The Kentucky Nurses Association Projects that the state will need more than 16,000 more nurses by 2024 to replace those who will retire or leave the profession, as many have done during the pandemic.
Beshear also wants to use $ 2 million of federal pandemic relief money for a marketing and outreach program for the profession, and includes nurses in its proposed $ 400 million “hero bonuses” for work during the pandemic.
In December, Beshear signed an executive order that allows the state to take special steps to educate and license more nurses. Among other things, it requires that the State Board of Nursing approve requests to increase enrollment in schools that show sufficient resources to serve more students; requires schools to report vacant student seats to the board on a monthly basis; and requires the board to post them online, allowing schools with no vacancies to refer applicants to available slots.
Greater hunger: With the money from the pandemic, Beshear said, Kentucky eliminated a waiting list of about 7,000 seniors for free meals.
“I’m a little embarrassed that I didn’t know before this pandemic that we had a waiting list for hungry seniors in Kentucky,” he said. “That’s right. We had a list of how many older adults couldn’t afford regular meals and needed our help and we weren’t reaching all of them.”
So that never happens again, Beshear said, he wants $ 36.2 million over the next two and a half years for an additional 49,000 senior meals per week, which fully meets the current needs of Kentucky citizens.
“We should never again have a waiting list for hungry seniors to get help,” he said.
Mental health: Beshear’s plan includes several mental health boosts:
- $ 3.4 million in Fiscal Year 2023 and $ 9.9 million in Fiscal Year 2024 to phase in an additional 170 employees to Kentucky Community Mental Health Centers, which offer 24/7 support. week.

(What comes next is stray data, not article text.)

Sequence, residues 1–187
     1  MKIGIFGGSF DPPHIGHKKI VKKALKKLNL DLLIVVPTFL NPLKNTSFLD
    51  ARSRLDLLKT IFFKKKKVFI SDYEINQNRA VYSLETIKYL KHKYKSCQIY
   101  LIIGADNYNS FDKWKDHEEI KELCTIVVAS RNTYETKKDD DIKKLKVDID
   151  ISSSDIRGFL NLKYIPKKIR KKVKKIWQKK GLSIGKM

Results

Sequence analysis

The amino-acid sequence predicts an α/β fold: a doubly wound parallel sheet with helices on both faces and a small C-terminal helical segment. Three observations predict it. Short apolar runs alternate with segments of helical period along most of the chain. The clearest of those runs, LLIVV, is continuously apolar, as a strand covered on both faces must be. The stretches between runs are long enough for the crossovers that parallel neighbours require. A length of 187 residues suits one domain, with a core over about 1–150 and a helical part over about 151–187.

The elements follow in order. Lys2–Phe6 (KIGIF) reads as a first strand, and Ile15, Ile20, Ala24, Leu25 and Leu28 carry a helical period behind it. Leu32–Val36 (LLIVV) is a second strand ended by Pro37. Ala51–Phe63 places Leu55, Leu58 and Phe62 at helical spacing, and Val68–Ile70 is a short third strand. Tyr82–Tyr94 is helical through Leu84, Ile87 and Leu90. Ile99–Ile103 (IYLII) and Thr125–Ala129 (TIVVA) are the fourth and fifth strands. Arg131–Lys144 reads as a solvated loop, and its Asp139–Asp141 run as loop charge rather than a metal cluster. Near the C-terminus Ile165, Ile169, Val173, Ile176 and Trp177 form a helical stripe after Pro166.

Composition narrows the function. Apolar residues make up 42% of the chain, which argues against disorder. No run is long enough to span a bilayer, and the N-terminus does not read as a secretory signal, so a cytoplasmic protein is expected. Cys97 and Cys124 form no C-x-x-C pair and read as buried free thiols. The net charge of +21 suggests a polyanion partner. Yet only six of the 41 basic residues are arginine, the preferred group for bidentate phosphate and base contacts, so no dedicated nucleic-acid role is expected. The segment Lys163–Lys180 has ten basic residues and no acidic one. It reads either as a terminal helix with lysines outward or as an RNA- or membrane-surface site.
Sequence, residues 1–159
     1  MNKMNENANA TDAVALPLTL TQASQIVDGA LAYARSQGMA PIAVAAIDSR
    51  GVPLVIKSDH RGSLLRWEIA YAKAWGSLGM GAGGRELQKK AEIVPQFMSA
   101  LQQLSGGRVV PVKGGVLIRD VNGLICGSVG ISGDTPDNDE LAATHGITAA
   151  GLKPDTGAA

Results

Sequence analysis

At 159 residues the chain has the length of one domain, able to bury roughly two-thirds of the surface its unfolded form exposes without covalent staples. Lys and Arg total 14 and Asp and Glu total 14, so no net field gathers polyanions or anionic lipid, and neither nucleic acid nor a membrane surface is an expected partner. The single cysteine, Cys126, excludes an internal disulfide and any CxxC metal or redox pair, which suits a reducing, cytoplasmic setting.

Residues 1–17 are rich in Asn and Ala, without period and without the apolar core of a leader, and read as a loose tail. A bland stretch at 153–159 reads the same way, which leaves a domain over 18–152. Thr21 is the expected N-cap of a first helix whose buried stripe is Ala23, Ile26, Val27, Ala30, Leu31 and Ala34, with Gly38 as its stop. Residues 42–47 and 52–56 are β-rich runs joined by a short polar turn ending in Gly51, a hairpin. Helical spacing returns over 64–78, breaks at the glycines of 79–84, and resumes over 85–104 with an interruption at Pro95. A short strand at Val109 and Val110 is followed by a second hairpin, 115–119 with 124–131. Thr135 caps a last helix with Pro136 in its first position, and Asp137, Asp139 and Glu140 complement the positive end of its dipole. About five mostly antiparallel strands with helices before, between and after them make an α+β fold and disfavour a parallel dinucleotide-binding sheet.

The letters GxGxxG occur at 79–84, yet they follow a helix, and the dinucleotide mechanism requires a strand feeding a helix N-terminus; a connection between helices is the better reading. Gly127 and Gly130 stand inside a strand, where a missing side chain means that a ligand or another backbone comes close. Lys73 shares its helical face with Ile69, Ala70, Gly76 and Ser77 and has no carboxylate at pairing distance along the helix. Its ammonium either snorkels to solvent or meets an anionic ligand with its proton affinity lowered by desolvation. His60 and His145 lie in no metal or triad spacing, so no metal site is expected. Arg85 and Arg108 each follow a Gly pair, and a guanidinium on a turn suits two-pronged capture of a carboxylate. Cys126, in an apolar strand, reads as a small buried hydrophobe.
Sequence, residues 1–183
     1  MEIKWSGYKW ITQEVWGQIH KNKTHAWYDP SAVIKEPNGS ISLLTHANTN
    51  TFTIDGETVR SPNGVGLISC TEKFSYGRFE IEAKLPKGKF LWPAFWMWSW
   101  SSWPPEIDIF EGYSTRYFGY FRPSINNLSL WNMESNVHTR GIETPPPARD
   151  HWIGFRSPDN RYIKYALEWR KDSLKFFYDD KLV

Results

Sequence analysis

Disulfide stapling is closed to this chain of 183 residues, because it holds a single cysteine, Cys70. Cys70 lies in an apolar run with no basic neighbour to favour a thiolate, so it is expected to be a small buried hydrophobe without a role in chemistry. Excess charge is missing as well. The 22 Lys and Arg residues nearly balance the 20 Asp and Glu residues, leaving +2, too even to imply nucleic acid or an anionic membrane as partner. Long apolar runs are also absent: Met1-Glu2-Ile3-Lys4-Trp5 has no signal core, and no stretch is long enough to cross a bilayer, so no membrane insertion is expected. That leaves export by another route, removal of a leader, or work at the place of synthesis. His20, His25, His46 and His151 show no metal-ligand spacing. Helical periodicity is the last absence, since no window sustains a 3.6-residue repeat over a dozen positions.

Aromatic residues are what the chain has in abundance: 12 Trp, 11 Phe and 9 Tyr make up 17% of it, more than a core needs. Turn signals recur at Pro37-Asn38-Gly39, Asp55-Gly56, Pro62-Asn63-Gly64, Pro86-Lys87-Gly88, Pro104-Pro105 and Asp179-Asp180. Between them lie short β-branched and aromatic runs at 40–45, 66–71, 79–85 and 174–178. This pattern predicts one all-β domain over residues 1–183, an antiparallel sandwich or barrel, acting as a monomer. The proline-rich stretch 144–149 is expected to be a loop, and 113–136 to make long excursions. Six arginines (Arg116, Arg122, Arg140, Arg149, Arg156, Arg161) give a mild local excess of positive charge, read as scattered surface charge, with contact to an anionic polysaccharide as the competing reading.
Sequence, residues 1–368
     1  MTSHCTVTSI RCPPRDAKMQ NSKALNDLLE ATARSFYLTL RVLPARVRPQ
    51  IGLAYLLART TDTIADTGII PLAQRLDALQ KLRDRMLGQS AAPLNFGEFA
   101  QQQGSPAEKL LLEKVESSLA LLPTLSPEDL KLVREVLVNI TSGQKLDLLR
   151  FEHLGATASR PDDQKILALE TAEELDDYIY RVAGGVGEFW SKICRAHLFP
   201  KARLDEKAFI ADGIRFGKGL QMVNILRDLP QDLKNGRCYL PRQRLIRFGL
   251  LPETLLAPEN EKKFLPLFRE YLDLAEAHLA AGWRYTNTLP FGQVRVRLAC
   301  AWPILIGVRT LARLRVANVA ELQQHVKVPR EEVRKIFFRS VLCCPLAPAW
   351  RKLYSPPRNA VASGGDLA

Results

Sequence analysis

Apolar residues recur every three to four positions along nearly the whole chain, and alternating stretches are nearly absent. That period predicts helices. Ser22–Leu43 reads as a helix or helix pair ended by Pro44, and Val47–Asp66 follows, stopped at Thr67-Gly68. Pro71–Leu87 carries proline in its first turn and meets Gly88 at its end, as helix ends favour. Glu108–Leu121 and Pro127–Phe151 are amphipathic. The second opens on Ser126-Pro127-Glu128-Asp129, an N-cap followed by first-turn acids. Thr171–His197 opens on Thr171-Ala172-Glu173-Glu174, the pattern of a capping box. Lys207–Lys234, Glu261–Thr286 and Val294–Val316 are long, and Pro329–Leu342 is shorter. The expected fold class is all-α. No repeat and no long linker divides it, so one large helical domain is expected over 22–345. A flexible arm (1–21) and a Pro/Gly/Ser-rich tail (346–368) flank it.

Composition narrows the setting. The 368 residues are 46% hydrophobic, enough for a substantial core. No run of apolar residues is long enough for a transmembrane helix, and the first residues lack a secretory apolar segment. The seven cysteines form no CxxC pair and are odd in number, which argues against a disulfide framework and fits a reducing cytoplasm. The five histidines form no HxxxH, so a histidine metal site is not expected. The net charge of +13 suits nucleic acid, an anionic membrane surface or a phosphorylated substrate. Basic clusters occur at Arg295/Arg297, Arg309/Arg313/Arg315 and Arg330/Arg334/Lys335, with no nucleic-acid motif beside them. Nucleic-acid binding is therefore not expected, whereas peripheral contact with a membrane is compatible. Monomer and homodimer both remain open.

- Implementation of the new crisis support line 988, a three-digit number that will replace the National Suicide Prevention Line in July 2024.
- Funding to expand Tim’s Law to two other psychiatric hospitals in the state: Eastern State Hospital and the Appalachian Regional Hospital Tim’s Law allows judges to order assisted outpatient treatment for people who have been involuntarily hospitalized, with the goal of stopping the revolving door of these people in and out of state jails and psychiatric hospitals.
Also proposed in Beshear’s part of the health budget:
- Fully funded by Medicaid, covering one in three Kentuckians, including more than 650,000 children.
- Money for 500 more places at the “Michelle P.” waiver program and 100 more spaces in the Supports for Community Living waiver program, both for people with intellectual or developmental disabilities. Thousands of Kentuckians are on waiting lists for the programs.
- More than $ 36 million for health departments, which are switching to a new financing model. The money can be used to help with staffing and operations.
- Funding from the Pediatric Research Trust Fund, which organizes all of Kentucky’s research on pediatric cancer, would increase from $ 2.5 million to $ 3.75 million annually.
- A 34% increase in funding for domestic violence centers, rape crisis centers and child advocacy centers; An additional $ 19.6 million a year to sustain and expand prevention services; and a 17% rate increase for residential and therapeutic foster care providers.
- An increase of $ 2 per child, per day, in the reimbursement rate for the child care attendant program, using federal aid funds.
- Various funds to help veterans’ causes, including $ 1 million in fiscal 2024 for the phase-in of operations at the newest state veteran center in Bowling Green.